Star Traders Origins 2016

Origins 2016 Recap & Game Components Update

Category : News , Star Traders

Greetings, Fellow Traders!

I’ve been to Columbus and back, spending four very full days at Origins, the national tabletop game convention. Will and Jesse (my two sons and two valuable members of the Emperor’s Privy Council) went with me.

Star Traders at Origins Star Traders at Origins Star Traders at Origins

Our principal objectives were to demonstrate Star Traders and to sit down with the people who will be manufacturing the game. That, and since we were there, take the opportunity to play a few other games … which were all valuable research opportunities.

Special Thanks to the Malted Meeple

Malted Meeple Origins 2016

The Malted Meeple Booth at Origins Game Fair 2016

We were “headquartered” at the Malted Meeple booth in the Exhibit Hall, where we ran demos Saturday and Sunday. I really appreciate the Malted Meeple making space available to us — thanks to Jim, Karrington and Savannah! And I got to play other games in development, including Kung Fu Zoo (a dice-flicking arena game … seriously!) and #Storytags (hash-tagging stories that each player relates). Congratulations to #Storytags — they just announced a deal with a publisher. And I’m looking forward to the edited version (on YouTube) of the podcast that Jeremiah and Scott recorded at the booth on Sunday. In the meantime, here’s the initial version:

Theology Of Games – Meet you at the Meeple live from Origins


We also got a chance to play Star Traders a few other times, out in the open gaming area. We had the new board and Trader’s Luck cards (I think the cards are nailed down now, and we’ve only got a couple more authors to sort out), and we had the new Personality cards with character art on them.

Star Traders Personality Card Prototypes

Star Traders Personality Card Prototypes

Star Traders Contract Arrow Prototypes

Star Traders Contract Arrow Clay Prototypes

We also had clay prototypes of new d4 contract markers. We’ve played several games with them now, and while they make finding pick-up and delivery worlds easier, a normal d4 is wider at the base than we’d like it to be, sometimes making it difficult to place among the station rings. We’re going to try narrowing one side down, and opening up the space around the closer worlds on the gameboard a bit more.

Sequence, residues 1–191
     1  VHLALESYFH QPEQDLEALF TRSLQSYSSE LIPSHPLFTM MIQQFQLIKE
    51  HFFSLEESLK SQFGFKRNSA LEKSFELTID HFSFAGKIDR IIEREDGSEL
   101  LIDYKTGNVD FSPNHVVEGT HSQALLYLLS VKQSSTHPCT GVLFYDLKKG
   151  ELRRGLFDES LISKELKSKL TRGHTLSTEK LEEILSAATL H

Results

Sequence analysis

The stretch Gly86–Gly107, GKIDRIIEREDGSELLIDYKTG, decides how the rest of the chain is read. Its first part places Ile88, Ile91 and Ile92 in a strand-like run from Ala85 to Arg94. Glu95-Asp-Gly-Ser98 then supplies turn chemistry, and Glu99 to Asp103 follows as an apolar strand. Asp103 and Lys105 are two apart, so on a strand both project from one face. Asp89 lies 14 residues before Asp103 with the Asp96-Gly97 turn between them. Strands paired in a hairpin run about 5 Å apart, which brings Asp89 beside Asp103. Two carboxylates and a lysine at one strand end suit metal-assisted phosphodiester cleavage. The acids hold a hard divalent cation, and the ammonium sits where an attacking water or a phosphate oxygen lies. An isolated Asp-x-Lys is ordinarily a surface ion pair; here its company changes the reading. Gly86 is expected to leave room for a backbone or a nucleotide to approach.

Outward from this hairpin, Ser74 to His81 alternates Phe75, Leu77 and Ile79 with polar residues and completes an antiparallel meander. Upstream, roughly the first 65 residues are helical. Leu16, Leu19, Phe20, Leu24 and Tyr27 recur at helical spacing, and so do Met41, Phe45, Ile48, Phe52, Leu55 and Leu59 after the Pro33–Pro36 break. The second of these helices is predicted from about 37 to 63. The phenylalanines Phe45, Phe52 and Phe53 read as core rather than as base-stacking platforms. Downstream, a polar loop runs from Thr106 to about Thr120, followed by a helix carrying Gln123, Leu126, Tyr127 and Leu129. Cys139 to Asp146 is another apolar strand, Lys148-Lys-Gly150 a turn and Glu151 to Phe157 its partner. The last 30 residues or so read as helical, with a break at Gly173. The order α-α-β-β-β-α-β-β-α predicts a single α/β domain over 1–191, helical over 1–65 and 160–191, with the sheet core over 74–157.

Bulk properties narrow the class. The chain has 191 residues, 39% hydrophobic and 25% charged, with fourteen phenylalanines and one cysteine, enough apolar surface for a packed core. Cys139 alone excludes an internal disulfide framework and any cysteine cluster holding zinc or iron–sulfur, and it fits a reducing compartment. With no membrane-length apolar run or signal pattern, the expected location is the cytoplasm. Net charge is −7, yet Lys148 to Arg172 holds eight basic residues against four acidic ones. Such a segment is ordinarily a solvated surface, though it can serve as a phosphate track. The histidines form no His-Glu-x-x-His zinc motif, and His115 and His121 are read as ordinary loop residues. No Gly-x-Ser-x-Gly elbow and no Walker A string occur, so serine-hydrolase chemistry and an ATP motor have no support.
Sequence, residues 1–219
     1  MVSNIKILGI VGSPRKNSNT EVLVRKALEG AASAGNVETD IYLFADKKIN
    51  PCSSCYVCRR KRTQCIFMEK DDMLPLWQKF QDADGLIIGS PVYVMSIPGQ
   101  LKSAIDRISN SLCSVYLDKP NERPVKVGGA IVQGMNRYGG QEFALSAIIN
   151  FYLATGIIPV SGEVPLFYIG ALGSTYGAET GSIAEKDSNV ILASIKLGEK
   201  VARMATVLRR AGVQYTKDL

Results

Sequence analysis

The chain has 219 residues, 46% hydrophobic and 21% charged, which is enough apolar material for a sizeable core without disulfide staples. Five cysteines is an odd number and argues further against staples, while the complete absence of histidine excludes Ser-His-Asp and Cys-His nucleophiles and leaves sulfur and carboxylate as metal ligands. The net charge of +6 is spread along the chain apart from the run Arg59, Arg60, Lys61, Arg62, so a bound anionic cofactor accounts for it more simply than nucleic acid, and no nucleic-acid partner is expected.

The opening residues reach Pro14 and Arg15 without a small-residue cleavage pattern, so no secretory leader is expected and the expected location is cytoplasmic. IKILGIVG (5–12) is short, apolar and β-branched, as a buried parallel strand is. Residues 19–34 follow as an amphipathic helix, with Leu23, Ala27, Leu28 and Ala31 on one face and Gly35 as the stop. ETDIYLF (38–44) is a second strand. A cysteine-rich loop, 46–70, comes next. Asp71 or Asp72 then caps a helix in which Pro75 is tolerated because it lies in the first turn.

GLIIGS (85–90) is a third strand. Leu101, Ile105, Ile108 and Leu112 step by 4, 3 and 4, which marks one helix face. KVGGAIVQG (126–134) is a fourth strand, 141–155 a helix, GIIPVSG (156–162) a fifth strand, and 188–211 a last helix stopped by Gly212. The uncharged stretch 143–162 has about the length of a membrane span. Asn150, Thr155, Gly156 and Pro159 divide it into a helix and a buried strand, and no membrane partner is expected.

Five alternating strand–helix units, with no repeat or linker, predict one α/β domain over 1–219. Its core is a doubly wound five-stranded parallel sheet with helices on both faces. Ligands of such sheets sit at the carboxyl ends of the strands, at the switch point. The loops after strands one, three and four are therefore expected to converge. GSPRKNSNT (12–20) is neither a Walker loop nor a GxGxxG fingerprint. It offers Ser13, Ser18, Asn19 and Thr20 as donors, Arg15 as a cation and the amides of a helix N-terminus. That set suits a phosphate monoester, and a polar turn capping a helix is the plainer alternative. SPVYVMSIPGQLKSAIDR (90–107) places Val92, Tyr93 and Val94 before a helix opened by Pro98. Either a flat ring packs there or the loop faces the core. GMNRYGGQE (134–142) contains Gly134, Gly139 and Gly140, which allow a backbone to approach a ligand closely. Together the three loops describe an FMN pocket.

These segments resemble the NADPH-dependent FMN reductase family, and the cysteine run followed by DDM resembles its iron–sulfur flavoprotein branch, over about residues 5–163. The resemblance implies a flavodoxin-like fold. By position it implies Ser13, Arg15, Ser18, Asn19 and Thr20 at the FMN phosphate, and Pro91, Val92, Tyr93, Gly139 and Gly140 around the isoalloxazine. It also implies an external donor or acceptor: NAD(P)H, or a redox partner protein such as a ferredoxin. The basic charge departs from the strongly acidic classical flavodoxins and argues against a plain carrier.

And we’ve decided to run the Personality cards larger, to allow more room for the character art and text. Combining that with fewer player mats (since we now won’t need a player mat for each Personality) means a tidier and better looking game for you guys. We’ve also been able to make additional improvements to the components that we think you all will enjoy.

Speaking of components, we’ve begun pre-press verification on files, the first step toward actual printing and publication. More slowly than we had wanted, but it’s happening! And while I was galavanting around Origins, our artists were busy crunching on Personality and Cargo art — it’s all getting done.

Chatting with Long-Time Designer Friends

It’s been about thirty years since I was last at Origins. With the renaissance of board games, there are plenty of game designers still going strong that I hadn’t seen in that long, and it was great to be able to introduce them to Will and Jesse — the new generation of gamers. Just among the members of the Academy of Adventure Gaming’s Hall of Fame, we were able to chat with:

  • Lou Zocchi (creator of the 100-sided Zocchihedron); the boys grabbed one of his new 24-sided roll-anything dice
  • Darwin Bromley, who wasn’t all that interesting to the boys until he mentioned designing the train game Empire Builder, at which point Will suddenly realized he was talking to one of his gaming heroes (Darwin was also key in getting Settlers of Catan into the U.S.)
  • Mike Stackpole (Flying Buffalo designer and author of some of the most popular Battletech and Star Wars novels; my favorite Stackpole series is the Age of Discovery trilogy)
  • Rick Loomis (who started Flying Buffalo, which ran play-by-mail games long before there was an internet, and which published Tunnels & Trolls, Nuclear War and other classics)

Origins and Gencon are both great to attend, because you get a chance to talk to the people who actually create the games — there are far fewer marketing guys and far more designers than at the electronic game conventions I’ve attended over the past few years. Having said that, I don’t know if I’ll have time to attend Gencon or Dragon Con (over Labor Day), but we’ll let you know if we’re able to get to either of those shows.

Meanwhile, back to the pixel mines! I have another twenty authors to write up for the lore book, and those last component tweaks, and we’ll have a game!

1 Comment


June 26, 2016 at 8:26 am

Origins looks like a lot of fun. Wish I could have gone.

That’s a really unique use of the d4s. Can’t wait to see the final game.